I’m sure that most of us have read about the trials and tribulations of the Romeike family who had to flee Germany and come to the United States because of their desire to homeschool their children. A smart, intelligent, compassionate judge in Tennessee granted the asylum. So what happens next? The U. S. Government (the same one who apparently wants to give illegal immigrants who are vocally anti-American the path to citizenship) has decided to appeal the judge’s decision. (This also illustrates why we need an amendment to the U. S. Constitution to guarantee that our government–judges and executive agencies included–observe U. S. law and not "amorphous"–to use the Immigration and Customs Enfocement Agency’s own word–international law.)
In an item headlined "Homeschoolers win U.S. asylum, now face deportation: Agency seeks European precedent applied in Tennessee case" on March 22, 2010, Bob Unruh of WorldNetDaily reported that U.S. immigration authorities, citing a European court ruling, are arguing in an appeal that a family that fled Germany and gained asylum in Tennessee claiming their government persecuted them for homeschooling should be returned to their home country.
According to the Home School Legal Defense Association, the Immigration and Customs Enforcement agency has lodged an appeal of Judge Lawrence Burman’s grant of asylum to the family of Uwe and Hannelore Romeike.
WND reported in January when the federal immigration judge said in his ruling, "We can’t expect every country to follow our Constitution. The world might be a better place if it did. However, the rights being violated here are basic human rights that no country has a right to violate."
The decision in the Memphis, Tenn., hearing granted permission to Romeike and their five children to remain in the U.S., according to the Virginia-based HSLDA, which has been working on the family’s case.
"This decision finally recognizes that German homeschoolers are a specific social group that is being persecuted by a Western democracy," Mike Donnelly, staff attorney and director of international relations for HSLDA, said at the time.
"It is embarrassing for Germany, since a Western nation should uphold basic human rights, which include allowing parents to raise and educate their own children."
But today, the HSLDA called it a "deeply disturbing" development for ICE to appeal Burman’s decision.
The appeal, submitted to the Board of Immigration Appeals in Fairfax, Va., claimed homeschoolers are too "amorphous" to be a "particular social group," the HSLDA said.
Further, the agency claims, the U.S. "law has recognized the broad power of the state to compel school attendance and regulate curriculum and teacher certification."
ICE sought application of the Konrad case in the European Court of Human Rights that "the public education laws of Germany do not violate basic human rights." The ruling elaborated that parents had no right to direct the education of their own children because that was a responsibility of the state.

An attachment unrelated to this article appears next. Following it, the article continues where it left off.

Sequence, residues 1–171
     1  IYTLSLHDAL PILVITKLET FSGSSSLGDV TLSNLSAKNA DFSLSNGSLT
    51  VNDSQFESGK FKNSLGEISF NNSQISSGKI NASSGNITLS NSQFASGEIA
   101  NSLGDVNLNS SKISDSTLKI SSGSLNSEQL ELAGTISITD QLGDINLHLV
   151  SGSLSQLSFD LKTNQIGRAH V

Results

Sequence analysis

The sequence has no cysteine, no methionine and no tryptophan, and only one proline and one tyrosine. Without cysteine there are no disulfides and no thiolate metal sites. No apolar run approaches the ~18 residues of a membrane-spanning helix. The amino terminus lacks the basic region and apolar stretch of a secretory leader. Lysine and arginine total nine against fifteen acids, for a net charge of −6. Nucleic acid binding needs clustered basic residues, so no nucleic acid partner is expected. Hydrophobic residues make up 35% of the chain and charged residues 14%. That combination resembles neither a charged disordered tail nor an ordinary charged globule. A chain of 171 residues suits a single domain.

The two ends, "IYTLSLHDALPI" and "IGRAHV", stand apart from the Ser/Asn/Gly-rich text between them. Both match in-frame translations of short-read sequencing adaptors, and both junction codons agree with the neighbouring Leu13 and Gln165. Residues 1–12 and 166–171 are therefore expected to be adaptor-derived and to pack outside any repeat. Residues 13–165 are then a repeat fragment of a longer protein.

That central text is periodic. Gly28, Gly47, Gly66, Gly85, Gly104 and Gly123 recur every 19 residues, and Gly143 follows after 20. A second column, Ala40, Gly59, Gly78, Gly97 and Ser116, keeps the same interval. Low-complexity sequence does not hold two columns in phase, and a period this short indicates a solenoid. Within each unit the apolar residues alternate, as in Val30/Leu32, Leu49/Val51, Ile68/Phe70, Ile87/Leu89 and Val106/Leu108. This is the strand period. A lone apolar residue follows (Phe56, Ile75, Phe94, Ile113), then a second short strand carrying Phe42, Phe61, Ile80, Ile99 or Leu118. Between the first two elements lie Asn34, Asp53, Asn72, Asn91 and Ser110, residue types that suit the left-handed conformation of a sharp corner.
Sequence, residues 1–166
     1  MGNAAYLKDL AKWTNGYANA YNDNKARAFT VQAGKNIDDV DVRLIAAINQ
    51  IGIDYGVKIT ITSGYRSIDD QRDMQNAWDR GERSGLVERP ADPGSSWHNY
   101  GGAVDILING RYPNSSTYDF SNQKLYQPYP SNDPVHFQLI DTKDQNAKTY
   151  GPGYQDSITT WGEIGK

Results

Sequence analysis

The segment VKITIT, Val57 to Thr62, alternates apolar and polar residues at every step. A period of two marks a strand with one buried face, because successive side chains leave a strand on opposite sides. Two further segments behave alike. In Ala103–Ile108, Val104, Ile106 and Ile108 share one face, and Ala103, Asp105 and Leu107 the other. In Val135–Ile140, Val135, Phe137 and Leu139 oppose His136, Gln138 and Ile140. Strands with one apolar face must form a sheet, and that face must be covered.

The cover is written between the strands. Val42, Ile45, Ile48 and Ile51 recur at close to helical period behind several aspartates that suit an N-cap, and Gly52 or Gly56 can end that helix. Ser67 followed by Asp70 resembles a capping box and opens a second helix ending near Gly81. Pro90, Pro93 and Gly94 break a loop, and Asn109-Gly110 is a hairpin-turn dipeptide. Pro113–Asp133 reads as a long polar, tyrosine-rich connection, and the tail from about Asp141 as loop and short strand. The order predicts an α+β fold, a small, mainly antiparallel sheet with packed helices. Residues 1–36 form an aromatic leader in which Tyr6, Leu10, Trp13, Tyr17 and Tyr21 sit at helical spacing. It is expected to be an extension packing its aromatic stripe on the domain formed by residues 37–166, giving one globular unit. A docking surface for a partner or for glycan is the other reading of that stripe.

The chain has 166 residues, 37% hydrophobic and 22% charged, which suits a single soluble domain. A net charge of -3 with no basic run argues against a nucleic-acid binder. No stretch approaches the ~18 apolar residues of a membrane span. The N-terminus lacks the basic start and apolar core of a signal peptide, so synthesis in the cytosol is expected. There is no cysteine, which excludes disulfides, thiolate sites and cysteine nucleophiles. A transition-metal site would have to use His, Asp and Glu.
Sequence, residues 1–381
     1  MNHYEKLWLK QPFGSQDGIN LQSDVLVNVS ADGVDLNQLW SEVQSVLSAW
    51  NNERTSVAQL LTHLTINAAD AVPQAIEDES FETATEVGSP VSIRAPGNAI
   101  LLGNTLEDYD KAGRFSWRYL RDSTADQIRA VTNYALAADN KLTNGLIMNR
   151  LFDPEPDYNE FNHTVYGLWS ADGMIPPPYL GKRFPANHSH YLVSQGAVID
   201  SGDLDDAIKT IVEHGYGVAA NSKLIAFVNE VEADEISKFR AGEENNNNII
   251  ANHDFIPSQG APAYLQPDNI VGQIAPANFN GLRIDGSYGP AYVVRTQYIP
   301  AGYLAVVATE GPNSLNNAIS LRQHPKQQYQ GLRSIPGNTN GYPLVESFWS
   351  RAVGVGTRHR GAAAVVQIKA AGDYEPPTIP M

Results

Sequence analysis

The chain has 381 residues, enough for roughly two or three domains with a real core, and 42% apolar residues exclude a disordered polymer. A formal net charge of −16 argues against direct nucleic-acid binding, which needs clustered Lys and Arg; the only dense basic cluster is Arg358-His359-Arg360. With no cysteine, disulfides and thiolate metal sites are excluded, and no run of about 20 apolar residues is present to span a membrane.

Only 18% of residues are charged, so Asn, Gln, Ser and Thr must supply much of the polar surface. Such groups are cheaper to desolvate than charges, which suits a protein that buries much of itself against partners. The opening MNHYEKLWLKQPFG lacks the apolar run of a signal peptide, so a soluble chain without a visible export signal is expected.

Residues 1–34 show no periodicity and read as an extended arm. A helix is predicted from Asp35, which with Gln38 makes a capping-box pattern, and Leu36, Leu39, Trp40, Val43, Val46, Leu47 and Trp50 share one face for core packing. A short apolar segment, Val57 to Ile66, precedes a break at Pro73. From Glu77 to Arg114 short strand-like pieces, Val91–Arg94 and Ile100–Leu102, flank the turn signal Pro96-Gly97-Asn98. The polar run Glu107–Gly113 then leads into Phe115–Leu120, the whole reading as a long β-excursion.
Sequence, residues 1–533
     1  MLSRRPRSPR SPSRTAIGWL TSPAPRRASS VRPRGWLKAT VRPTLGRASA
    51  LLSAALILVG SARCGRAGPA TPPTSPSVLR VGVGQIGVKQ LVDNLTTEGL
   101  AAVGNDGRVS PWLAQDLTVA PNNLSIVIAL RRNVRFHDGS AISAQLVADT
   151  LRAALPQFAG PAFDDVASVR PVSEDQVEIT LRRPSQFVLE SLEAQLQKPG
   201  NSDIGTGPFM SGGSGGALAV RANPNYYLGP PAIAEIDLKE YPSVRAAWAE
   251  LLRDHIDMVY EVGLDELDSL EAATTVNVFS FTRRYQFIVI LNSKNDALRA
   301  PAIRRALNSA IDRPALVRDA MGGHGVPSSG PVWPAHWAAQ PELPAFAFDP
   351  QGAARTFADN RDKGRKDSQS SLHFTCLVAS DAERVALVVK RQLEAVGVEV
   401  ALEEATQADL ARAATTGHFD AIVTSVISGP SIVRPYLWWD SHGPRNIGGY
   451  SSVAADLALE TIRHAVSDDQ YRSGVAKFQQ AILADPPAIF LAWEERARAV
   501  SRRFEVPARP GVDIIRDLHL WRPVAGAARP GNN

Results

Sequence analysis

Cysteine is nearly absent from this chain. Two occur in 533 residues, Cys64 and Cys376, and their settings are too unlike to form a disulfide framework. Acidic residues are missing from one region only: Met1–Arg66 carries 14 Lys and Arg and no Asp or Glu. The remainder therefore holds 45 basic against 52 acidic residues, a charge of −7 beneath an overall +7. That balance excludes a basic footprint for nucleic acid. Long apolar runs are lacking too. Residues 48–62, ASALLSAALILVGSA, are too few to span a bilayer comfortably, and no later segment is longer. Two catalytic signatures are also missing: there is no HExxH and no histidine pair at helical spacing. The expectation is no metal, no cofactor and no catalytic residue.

"In other words, it appears that ICE is arguing that U.S. judges should follow international law – rather than U.S. law," the HSLDA said in an alert.
"American judges should use American law alone in making decisions about cases in American courts," said Michael Smith, president of the HSLDA. "Polls show that Americans by an overwhelming margin reject the idea of using international law in American courts to decide American cases. The use of international law in American courts is a threat to American justice and should be opposed."
ICE argued that the U.S. government simply could ban all homeschooling – and that should disqualify the granting of asylum.
"ICE further asserts that Germany’s harsh treatment of homeschoolers is mere prosecution, not persecution. ICE lawyers wrote that ‘[e]ven were such fear[s] objectively reasonable, these sanctions would only amount to prosecution,’" the HSLDA said.
"ICE argues that the judge’s ruling is ‘speculative’ because sanctions had been applied in a ‘limited number of circumstances’ and that the Romeikes had failed to ‘make any effort to locate an acceptable alternative school.’"
But the HSLDA said those claims had been argued in the Romeike case and shown to be false.
Michael Donnelly, a staff attorney for the organization and director of its International Relations division, said, "It is disappointing but not surprising that ICE has appealed."
He continued, "Judge Burman appropriately noted that homeschooling is legal in all 50 states, and his decision reflects U.S. law which upholds the right of parents to direct the education and upbringing their children as an enduring American tradition, entitling the family to protection from persecution.
"ICE argues that Germany’s denial of a parent’s right to homeschool for any reason is acceptable. It is shameful that ICE, and by extension the U.S. government, supports the persecution of German homeschoolers," Donnelly said.
ICE officials declined a WND request for comment. (I wonder why? Rather than letting the Romeikes find the peace they desire in this country that’s supposed to be dedicated to freedom, our government is going to spend our tax dollars in appealing the judge’s rightful decision and further persecute this family.)